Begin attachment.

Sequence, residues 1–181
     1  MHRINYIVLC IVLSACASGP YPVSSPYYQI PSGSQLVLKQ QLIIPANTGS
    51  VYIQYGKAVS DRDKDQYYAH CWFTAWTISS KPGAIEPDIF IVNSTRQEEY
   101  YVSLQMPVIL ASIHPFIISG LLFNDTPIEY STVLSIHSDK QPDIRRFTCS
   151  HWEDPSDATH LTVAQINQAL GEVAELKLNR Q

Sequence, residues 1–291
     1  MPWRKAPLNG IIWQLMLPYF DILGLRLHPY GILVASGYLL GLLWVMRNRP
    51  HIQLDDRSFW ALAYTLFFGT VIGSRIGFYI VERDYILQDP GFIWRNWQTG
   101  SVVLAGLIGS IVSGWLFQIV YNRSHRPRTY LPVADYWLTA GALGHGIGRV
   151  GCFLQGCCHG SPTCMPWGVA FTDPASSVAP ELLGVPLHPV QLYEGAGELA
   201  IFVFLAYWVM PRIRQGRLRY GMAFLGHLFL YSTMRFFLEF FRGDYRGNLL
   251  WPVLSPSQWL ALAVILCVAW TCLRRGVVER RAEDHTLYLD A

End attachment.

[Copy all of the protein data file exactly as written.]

Sequence, residues 1–181
     1  MHRINYIVLC IVLSACASGP YPVSSPYYQI PSGSQLVLKQ QLIIPANTGS
    51  VYIQYGKAVS DRDKDQYYAH CWFTAWTISS KPGAIEPDIF IVNSTRQEEY
   101  YVSLQMPVIL ASIHPFIISG LLFNDTPIEY STVLSIHSDK QPDIRRFTCS
   151  HWEDPSDATH LTVAQINQAL GEVAELKLNR Q

Sequence, residues 1–291
     1  MPWRKAPLNG IIWQLMLPYF DILGLRLHPY GILVASGYLL GLLWVMRNRP
    51  HIQLDDRSFW ALAYTLFFGT VIGSRIGFYI VERDYILQDP GFIWRNWQTG
   101  SVVLAGLIGS IVSGWLFQIV YNRSHRPRTY LPVADYWLTA GALGHGIGRV
   151  GCFLQGCCHG SPTCMPWGVA FTDPASSVAP ELLGVPLHPV QLYEGAGELA
   201  IFVFLAYWVM PRIRQGRLRY GMAFLGHLFL YSTMRFFLEF FRGDYRGNLL
   251  WPVLSPSQWL ALAVILCVAW TCLRRGVVER RAEDHTLYLD A